Some useful methods for using a digital log: Evernote - (PC, website, Laptop, iPad, iPhone). Ease of access, portable, accessible on the move, create different 'notebooks' for different sections eg Proposal, Research notes, Historian details, bibliographical details, journal notes, etc etc. you can insert links, photos, files, documents Etc. also, you can share your notebooks with people, eg your teacher, for easier monitoring. It will automatically sync with your other versions of Evernote (eg any additions made on your laptop will auto sync to your smartphone or iPad etc). You will have to PRINT out all notes/folders to submit with your major project in June. A digital log

Google Docs. - attached to your gmail account where you can access Google Drive through Apps option. You can create folders and documents. You can share folders with classmates or teacher. Note that creating a document through Google Drive will have mixed formatting if you try to download it as a Word document. Download as PDF instead. Note that Google and Gmail have a clause that they can access any of your documents. You will need to SHARE with your teacher and give them CAN EDIT permissions.

One Note - (PC, laptop) - allows you to set out your notes into different tabs, as mentioned above in Evernote. Be careful. It doesn't always automatically save. Can insert files and notes, photos etc You will have to PRINT out all notes/folders to submit with your major project in June.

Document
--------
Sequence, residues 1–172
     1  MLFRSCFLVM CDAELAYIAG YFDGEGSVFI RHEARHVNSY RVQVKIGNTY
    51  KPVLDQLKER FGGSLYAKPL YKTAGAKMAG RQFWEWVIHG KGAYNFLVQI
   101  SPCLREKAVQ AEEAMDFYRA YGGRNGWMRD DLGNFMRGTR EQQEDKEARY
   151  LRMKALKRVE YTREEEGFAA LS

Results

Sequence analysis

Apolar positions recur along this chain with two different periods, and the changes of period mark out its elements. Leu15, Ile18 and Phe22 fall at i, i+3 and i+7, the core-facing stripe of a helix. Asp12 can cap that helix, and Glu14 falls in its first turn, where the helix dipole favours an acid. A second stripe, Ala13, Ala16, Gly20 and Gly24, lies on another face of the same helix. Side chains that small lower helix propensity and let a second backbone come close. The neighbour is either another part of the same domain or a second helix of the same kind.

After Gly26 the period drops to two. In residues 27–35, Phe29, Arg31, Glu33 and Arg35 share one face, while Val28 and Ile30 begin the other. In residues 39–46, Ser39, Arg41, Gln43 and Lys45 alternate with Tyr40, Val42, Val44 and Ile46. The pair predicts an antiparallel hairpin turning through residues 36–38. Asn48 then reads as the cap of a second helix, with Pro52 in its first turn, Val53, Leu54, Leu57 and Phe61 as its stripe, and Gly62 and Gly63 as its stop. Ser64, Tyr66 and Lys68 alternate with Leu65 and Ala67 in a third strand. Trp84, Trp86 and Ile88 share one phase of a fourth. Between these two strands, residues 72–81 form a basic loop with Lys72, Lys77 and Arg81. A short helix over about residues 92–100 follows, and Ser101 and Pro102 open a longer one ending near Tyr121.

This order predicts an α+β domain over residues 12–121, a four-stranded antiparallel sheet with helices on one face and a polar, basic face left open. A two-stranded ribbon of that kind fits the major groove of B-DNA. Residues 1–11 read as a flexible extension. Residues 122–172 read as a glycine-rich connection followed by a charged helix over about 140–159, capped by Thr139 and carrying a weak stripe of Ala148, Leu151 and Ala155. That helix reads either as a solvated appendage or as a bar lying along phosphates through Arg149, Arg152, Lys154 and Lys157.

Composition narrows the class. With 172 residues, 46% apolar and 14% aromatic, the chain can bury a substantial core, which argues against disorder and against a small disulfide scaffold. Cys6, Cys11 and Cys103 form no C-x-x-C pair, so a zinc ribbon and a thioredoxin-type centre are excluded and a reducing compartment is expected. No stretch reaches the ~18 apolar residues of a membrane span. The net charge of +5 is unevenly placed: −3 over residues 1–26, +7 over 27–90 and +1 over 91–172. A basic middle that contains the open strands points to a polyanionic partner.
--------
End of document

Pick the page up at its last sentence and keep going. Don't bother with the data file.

Note Binder (iPad). A fancier and somewhat more organised version of One Note. You can create binders and in each binder add different folders. Within each folder you have a note pad to which you can add as many pages as you like. Insert files, pictures etc eg you could have one binder for the HEP and then folders for different sections, eg proposal, log entries, research notes, historians etc etc. you can EXPORT the binder as a file which will allow you to submit.

Create a schedule Create a schedule or timeline on A3 paper and paste it up in your bedroom. Set small, achievable goals for each week. Eg, find 2 books for my topic. Read and take notes from one book. Research the historians context. Prepare an outline of Historiographical issues. Remember, if you do a little bit each week, you will avoid huge pile ups of work around other assessments, exams events, etc

Human Resources Don't forget that if your topic suits this research methodology, you can conduct interviews with historians (lecturers, professors, doctors etc) either in person or by phone email survey. This can look impressive in terms of fieldwork research. Herodotus would be proud! ;) See your teacher beforehand for info on how to create an appropriate request letter, and how to structure interview questions.

Remember the historiographers ! Students often forget that you can include historians' interpretations and views regarding What is History?, in your major project. For example, EH Carr's interpretations of the importance of facts and the role of the historian, or Carl Becker's relativist point of view about subjectivity and facts, or Keith Jenkins' comments about the postmodernist nature of history. You can incorporate and integrate these historians views where they are appropriate to comment on the Historiographical nature of your topic and the Historiographical implications.